As suddenly as surrendering Iraqi soldiers dropped their white flags and opened fire, the reality of this war struck Americans, with hopes of swift victory giving way to the prospect of a longer, tougher campaign.
The first bodies have been flown stateside. American POWs were interrogated on Iraqi TV. An Apache helicopter was downed by enemy guns, and friendly fire took more lives.
Now come homefront questions about resolve: Can the public weather a war potentially far more lengthy and deadly than the brief conflicts of the past two decades?
Polls and the stock market have reflected a week of soaring hopes and sudden doubts. But in interviews around the country, Americans said that — while disheartened by some of the war's initial turns — they'll remain steadfast.
"I keep in mind a lot that we're over there to help these people," said Karen Sehlhorst, a nurse sitting with her fiancee on a bench overlooking Toledo, Ohio's Maumee River. Americans now see war's realities, she said. "It's not just a movie anymore."
Like many others interviewed nationally, the 52-year-old nurse said news of Iraqi resistance and U.S. casualties shook her hopes of easy triumph, but not her support for the war. Still, she and her fiance, Mark Sarka, wondered how swiftly public opinion could change.
A new poll from the Pew Research Center reflected worries about the war's progress — 38 percent said the conflict was going well on Monday, down from 71 percent Friday. Still, overall support for the war and President Bush's stewardship remained high at 70 percent.
The stock market reacted, too — the Dow Jones industrials dropped 300 points as the week began, the worst performance of the year. It followed the best week in two decades, as the war started and victory seemed easy.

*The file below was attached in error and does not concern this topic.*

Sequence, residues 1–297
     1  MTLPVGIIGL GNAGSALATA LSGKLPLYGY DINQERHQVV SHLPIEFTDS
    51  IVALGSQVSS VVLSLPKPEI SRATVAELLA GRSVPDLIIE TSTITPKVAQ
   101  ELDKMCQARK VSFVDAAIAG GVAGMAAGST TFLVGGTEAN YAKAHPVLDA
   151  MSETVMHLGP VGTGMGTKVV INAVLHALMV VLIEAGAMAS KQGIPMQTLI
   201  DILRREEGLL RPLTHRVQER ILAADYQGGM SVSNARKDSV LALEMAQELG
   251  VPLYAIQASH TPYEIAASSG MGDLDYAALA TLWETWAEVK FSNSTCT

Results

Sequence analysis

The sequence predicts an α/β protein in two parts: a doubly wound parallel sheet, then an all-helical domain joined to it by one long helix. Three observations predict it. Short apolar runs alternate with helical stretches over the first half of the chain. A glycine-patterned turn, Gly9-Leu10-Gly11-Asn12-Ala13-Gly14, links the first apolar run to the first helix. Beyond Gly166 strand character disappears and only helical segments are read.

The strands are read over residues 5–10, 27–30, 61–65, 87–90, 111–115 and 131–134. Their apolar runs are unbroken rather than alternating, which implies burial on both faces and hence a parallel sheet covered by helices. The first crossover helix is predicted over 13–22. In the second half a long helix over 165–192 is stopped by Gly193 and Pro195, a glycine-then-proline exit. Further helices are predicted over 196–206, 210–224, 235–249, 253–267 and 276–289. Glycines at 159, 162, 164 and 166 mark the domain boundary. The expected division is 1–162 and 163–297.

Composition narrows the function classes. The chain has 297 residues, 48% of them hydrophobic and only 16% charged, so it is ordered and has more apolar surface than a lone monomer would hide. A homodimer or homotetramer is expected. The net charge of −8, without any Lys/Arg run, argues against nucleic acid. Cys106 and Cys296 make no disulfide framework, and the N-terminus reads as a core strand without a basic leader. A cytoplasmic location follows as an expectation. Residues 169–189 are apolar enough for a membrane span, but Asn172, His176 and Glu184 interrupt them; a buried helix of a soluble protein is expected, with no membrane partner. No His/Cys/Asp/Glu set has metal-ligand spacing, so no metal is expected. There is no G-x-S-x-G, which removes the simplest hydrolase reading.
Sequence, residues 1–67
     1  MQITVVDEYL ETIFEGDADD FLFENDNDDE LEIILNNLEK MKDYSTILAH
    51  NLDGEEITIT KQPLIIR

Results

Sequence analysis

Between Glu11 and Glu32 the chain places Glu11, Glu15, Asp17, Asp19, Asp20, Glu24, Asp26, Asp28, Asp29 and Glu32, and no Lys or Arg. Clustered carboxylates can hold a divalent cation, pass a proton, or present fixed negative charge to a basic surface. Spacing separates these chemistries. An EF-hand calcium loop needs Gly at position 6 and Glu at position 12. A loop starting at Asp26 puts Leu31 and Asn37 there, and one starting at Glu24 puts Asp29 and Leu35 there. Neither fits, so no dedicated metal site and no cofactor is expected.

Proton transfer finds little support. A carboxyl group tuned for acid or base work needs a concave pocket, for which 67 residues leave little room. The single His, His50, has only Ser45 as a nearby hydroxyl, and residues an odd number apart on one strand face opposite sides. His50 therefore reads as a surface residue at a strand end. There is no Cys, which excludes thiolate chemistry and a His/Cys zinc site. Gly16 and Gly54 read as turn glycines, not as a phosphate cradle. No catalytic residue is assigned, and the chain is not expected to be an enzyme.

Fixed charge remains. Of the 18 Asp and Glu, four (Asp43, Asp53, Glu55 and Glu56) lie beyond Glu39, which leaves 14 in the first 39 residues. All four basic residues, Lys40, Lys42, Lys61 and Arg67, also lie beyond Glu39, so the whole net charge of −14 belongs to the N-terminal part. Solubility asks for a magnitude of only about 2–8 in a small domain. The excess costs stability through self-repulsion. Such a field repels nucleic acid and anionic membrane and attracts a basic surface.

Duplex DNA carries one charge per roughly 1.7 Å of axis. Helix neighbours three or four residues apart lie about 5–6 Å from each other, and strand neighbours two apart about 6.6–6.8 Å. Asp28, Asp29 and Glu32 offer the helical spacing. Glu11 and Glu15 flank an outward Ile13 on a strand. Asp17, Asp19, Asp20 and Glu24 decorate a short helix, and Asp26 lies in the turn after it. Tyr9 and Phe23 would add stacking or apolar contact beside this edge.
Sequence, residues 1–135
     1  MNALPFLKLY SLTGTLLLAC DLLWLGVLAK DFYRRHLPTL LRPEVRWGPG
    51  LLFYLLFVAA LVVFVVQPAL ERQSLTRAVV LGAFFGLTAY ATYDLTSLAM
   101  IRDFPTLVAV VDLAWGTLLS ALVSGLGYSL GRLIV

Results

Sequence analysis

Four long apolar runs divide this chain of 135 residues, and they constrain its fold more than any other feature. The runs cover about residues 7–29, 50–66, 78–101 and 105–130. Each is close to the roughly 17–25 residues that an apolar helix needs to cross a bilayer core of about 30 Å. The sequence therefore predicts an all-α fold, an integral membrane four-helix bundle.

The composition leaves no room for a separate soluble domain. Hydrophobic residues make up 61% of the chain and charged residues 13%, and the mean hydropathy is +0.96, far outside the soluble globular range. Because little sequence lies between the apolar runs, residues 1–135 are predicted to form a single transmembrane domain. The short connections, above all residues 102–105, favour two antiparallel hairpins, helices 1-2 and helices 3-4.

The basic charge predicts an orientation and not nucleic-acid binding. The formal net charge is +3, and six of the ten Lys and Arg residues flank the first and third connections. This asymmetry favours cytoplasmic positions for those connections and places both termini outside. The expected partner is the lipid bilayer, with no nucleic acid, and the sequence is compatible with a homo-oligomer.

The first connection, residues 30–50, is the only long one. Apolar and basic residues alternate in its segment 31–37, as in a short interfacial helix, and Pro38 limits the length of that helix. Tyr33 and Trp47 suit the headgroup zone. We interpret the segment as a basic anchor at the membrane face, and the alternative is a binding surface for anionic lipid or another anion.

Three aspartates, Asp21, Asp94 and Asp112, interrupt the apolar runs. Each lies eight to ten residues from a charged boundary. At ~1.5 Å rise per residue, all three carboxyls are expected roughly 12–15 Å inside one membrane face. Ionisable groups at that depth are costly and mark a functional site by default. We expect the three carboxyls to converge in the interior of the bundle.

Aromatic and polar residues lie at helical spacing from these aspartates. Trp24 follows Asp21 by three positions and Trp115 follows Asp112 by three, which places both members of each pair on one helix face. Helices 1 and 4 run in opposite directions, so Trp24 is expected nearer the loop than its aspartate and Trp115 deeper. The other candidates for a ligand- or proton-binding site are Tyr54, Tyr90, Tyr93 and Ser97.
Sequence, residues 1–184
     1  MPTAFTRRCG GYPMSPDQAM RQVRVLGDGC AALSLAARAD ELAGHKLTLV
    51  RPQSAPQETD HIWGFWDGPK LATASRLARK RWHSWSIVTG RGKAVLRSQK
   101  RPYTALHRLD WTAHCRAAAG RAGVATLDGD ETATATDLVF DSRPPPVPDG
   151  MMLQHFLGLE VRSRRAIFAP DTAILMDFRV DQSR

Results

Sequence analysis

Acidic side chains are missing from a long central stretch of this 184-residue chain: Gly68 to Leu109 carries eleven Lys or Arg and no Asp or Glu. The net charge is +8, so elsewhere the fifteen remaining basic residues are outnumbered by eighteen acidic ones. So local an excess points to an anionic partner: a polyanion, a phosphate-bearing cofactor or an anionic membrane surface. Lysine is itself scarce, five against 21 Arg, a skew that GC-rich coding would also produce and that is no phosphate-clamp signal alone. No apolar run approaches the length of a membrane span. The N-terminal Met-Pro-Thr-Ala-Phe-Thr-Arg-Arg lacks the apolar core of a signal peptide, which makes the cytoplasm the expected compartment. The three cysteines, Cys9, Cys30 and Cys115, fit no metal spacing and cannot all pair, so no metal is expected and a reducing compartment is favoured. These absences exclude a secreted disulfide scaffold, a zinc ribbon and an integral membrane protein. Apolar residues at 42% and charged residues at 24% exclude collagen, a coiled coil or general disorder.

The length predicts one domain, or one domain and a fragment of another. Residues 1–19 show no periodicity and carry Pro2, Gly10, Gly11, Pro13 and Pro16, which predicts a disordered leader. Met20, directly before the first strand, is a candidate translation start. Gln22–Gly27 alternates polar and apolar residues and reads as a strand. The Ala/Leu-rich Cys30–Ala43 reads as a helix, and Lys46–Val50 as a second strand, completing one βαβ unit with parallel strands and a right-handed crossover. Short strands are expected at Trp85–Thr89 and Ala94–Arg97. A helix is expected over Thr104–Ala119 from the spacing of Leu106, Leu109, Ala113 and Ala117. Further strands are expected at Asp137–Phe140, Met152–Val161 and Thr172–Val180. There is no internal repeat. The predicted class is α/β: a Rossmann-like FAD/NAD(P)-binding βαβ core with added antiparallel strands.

Investors' expectations were understandable, some analysts said, given decades of brief conflicts for the United States — such as the successful campaign to oust the Taliban regime in Afghanistan, the 1991 Persian Gulf war, and invasions of Panama and Grenada.
"They have been used to quick victories or bloodless victories," said William Nash, a retired Army major general who commanded an armored brigade in the 1991 Gulf War.
But "the American public's got the stomach for hard fighting if the objectives and the purpose are explained and understood," said Nash, now a senior fellow at the Council on Foreign Relations. "People understand we're in a fight."
That understanding, however, could shift if fighting bogs down and strategy is questioned, said Sean Wilentz, a Princeton University history professor. In any democracy, casualties and slow progress can create "corrosive" doubt, he said.
"Unless the war is won quickly and according to plan, then the question marks come back to bite you . . . and bite you hard," Wilentz said. Bush, with his contested presidential victory, may be particularly vulnerable, he said.
The American people can sustain a drawn-out conflict like World War II, or they can grow restless as they did with other conflicts long before Vietnam, such as the Civil War and the War of 1812, both of which caused significant dissension, he said.
For war opponents, the latest news didn't change any minds, but rather confirmed their expectations. "It solidifies my antagonism to it," said Sheila Zachman, an attorney in New York. "I think mainstream support is going to erode."
But a World War II veteran who spent 1 1/2 years as a POW in Germany said unrealistic visions of a parade to Baghdad will give way to a more practical view.
"Accept the fact that this is war. It's not a party. It's not a kissy-kissy group," said Robert Leavenworth, state commander for the Arizona American Ex-Prisoners of War. "If we accept that, we have it made."